I DID actually manage to download photos from the trip on Sunday, and was able to identify each castle and ruin AND ruined castle. This buoyed my sense of confidence to a ridiculous degree, but those castles DO start to run together a bit. How was it Adrian (a.k.a. Langland Death March Commander from See Wales Tours) referred to them?

Oh, that’s right.  He called them ABC Tours.  

Another Bloody Castle.

An interesting side note to this whole trip is that when people ask, “Where did you go on vacation?” and I say, “Wales,” they say, “Wales??! Why Wales?”

You should have heard the Londoners’ responses when they discovered we had spent our time anywhere other than their fair city. I’m surprised they even let us stay overnight, considering how we betrayed them with the Welsh. “Wales?? Wales?!!”
(We stayed in London Friday night to see a show and prepare for our Saturday flight out of Heathrow, or as I call it, “The Mall That Thinks it’s an Airport.”)

They took great pains to point out the National Museum and say, “Bloody Wales doesn’t have a museum like THAT.”

“They bloody well don’t!” We agreed hastily and enthusiastically. (Self preservation is strong in those being transported at break neck speed by annoyed but proud taxi drivers.)

I think Wales and England might need to have a little “I’m okay, you’re okay,” discussion. Maybe over a few pints. I’d be happy to act as mediator.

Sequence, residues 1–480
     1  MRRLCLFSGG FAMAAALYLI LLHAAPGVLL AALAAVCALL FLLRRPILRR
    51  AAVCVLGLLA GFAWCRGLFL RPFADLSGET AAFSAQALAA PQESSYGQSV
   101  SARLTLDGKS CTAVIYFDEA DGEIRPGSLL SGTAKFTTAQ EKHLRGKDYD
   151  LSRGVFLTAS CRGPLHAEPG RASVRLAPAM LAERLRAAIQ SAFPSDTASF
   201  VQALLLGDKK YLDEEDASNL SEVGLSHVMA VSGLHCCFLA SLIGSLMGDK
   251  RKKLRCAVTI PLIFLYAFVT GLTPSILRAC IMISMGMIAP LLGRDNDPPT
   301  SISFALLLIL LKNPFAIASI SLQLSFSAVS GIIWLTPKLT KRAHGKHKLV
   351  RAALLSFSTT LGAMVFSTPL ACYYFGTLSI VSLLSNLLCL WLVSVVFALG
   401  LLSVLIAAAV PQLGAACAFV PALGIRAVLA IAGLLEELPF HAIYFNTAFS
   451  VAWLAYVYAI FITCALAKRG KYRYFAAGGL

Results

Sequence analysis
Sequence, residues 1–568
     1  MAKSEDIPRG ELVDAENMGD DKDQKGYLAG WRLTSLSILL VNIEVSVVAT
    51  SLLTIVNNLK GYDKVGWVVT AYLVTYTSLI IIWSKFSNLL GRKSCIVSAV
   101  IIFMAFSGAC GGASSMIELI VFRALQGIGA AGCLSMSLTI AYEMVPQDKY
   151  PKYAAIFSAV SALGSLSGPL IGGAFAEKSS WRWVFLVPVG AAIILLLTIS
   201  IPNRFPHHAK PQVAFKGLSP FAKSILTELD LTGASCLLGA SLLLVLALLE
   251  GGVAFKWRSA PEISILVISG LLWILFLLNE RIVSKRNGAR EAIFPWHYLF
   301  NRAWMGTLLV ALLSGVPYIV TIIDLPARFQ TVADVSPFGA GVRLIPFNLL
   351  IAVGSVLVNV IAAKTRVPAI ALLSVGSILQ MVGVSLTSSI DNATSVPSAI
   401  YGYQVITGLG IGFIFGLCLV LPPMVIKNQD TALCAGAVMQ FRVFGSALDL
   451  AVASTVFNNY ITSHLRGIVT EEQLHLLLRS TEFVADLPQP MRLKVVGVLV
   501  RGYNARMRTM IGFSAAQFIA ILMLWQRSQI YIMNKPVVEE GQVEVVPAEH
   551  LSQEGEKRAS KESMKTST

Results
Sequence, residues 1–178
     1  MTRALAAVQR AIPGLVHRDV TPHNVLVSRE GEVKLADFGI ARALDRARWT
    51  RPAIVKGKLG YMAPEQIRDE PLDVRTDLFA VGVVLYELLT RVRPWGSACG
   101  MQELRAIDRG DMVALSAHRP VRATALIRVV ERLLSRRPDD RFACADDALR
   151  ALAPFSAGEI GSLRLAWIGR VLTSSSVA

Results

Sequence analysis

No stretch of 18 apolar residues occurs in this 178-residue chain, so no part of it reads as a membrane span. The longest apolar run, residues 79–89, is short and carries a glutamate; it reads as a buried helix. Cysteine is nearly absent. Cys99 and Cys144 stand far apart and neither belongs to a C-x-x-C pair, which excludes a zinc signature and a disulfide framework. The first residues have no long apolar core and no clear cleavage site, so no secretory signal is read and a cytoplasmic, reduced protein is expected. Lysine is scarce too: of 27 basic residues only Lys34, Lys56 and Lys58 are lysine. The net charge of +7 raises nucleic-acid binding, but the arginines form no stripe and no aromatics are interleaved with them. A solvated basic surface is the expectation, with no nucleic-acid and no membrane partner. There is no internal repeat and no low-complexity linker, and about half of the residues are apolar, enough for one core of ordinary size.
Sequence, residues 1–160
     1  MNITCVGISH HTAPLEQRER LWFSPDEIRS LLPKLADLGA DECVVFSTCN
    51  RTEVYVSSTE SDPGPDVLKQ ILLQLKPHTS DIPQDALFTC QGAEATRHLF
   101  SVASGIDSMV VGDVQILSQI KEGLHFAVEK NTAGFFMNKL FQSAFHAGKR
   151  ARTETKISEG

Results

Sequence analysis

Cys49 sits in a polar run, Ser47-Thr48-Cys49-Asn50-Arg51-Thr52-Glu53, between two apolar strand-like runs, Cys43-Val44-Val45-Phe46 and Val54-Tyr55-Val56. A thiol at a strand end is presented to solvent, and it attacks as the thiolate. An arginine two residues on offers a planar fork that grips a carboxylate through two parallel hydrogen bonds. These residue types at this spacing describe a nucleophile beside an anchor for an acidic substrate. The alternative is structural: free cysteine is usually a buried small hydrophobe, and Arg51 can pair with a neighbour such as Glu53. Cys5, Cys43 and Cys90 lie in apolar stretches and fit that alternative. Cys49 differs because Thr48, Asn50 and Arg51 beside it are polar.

Anything to get me away from email for another 9 days.


See Wales Tours picked us up this morning and we drove with five others, and our guide, Adrian, to Langland where we were let off the bus to take a leisurely 30-40 minute stroll along a paved walkway high above the sea.

And just like in the movies, that’s when it got weird. The walkway was blocked off and labeled “under construction.” A paper sign with a big arrow directed us to climb UP what can best be described as a steep, slightly muddy ski slope, to bypass the construction.

After a brief time of spinning in circles and muttering, “You’ve got to be kidding…” we realized we had no choice, as our van would be waiting for us at the end of the “walk,” and it was too late to turn back.

And so, we cautiously proceeded to climb. And climb. And climb. Every now and then we’d try to glance at the view, which was lovely, but found the terrain required our full attention.

Once we reached a point that was a little less steep, we paused. Sandy pulled out her video recorder to begin a message to our loved ones, (just in case) and catch our breath. Catching our breath was difficult, as I began laughing so hard I was gasping for air and tears were streaming down my face. I’m not sure if it’s Wales, or Sandy, or jet lag, but I have laughed until I cried quite a bit on this trip. When and if we share the video, you’ll hear me in the background, cackling like a lunatic.

During our trek we lamented the fact that until that time, we had grown quite fond of our guide, and had been considering packing him and his lovely lilt in our suitcase when we left.

We reconsidered our opinion as we recalled he HAD mentioned a short bit of the trip would not be paved, and wondered if he POSSIBLY knew about this little detour, and was having a bit of fun.

As we trod along the hilltop, with the sea to our left and… a golf course on our right, dodging potential concussive shots from bad golfers overshooting the greens, we finally found another blasted arrow and knew we were on the right “path.” For awhile, we weren’t sure if we had wandered the wrong way, as none of our companions, except the Canadian women with us, had been spotted ahead or behind.